Two Poems by J.C. Todd

Planting Season

Spring, 2019

All day the fuchsia, the marigolds,
Snow White impatiens, coleus,
a couple of showy Rex begonias,
not natives but good nursery stock,
lifted from the plastic sockets
of 6-packs and 12-packs,
their roots teased from clumps,
spread in soil from last year’s pots,
probably enough nutrients
to feed them up to frost.
I’m humming to them,
tucking them into planters
with lullabies that promise
frequent water, daily care,
the tunes falling into minors
of lament, breaking off
as the morning news rises.
In my native land, on the soil
where I’m rooted, children
crossing north to colder growing zones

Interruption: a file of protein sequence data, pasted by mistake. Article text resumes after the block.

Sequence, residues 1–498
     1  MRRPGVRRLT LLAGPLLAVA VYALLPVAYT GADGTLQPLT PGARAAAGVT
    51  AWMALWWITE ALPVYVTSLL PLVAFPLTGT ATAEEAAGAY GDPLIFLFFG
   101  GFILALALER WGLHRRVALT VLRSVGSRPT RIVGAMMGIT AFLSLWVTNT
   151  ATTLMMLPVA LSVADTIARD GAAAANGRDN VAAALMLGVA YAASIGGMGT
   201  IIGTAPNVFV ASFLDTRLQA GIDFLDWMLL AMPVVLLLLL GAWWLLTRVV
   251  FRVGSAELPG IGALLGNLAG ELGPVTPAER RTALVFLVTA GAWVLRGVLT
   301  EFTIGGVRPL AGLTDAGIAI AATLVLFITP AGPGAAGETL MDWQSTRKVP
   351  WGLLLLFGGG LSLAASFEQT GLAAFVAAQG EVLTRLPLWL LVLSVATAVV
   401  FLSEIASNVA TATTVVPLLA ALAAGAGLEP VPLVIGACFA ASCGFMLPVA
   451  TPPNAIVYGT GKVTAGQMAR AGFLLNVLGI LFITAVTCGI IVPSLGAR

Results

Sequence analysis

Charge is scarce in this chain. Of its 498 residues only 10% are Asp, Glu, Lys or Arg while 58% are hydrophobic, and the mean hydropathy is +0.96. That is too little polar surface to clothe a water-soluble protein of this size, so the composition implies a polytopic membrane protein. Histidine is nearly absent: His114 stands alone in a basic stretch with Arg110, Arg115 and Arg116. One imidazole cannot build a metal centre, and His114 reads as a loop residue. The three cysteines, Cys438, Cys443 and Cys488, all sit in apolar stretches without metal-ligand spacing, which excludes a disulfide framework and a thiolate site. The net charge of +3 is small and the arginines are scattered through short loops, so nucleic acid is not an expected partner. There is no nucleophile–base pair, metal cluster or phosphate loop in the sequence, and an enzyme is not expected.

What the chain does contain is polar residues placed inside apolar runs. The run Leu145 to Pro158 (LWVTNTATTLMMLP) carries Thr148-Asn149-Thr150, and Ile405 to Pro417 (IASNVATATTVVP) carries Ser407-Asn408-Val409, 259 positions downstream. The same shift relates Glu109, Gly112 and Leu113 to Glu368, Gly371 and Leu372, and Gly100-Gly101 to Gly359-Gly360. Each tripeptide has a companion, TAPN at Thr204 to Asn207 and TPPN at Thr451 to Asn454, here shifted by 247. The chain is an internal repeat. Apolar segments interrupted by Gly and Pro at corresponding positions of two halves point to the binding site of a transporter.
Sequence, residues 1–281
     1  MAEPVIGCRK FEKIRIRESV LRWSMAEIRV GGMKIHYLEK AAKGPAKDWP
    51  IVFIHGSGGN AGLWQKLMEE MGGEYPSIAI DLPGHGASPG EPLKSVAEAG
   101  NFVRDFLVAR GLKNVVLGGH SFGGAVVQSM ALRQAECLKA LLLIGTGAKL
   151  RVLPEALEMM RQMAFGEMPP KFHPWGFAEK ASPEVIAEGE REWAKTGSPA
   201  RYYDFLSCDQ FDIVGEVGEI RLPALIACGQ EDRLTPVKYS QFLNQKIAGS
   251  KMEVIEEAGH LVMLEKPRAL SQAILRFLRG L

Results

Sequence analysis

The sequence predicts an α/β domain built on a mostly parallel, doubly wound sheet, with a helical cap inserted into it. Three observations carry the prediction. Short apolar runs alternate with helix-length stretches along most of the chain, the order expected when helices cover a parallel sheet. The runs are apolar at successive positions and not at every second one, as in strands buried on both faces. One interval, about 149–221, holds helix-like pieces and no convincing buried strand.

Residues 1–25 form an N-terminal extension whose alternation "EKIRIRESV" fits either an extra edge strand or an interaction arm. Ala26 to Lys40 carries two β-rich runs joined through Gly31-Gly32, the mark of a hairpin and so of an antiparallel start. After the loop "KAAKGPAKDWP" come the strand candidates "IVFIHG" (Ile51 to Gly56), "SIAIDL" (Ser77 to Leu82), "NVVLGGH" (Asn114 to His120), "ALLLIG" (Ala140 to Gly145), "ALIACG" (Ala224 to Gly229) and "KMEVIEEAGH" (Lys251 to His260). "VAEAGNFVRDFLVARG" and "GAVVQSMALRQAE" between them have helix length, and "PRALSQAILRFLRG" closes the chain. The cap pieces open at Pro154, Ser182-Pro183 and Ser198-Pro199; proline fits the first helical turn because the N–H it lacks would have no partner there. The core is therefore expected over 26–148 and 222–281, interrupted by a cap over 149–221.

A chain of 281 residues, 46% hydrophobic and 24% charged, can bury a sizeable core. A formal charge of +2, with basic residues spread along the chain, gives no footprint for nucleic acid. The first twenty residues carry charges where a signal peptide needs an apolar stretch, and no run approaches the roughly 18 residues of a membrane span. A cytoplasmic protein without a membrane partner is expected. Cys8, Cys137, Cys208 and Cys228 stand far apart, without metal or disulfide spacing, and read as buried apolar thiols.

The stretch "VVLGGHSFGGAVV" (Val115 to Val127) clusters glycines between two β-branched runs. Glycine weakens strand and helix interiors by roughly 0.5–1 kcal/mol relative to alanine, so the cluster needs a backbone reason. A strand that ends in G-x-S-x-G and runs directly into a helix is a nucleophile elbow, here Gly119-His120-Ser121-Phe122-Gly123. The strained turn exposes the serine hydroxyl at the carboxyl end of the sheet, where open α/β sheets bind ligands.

are warehoused, caged. No soap.
No beds. No sleep. 6 dead.


Master Plan for Pruitt Igoe

seeing as what
masters had unseen
for so long that
no one was there

the urban plan
had no where
for no ones to be
so what got built

was a nowhere
to put them in
so they would


J. C. Todd is author of five books of poetry, including Beyond Repair, runner-up in the Able Muse Press contest, forthcoming in 2021, and The Damages of Morning, a 2019 Eric Hoffer Award finalist. Winner of the Rita Dove Prize in Poetry and twice a finalist for Poetry Society of America awards, her fellowships include those from the Pew Center for Arts & Heritage and the Pennsylvania Council on the Arts. Her work has been published in the American Poetry Review, Baltimore Review, Beloit Poetry Journal, The Paris Review and elsewhere. Formerly on the faculty of the Creative Writing Program at Bryn Mawr College and the MFA in Creative Writing Program at Rosemont College, she lives in Philadelphia.

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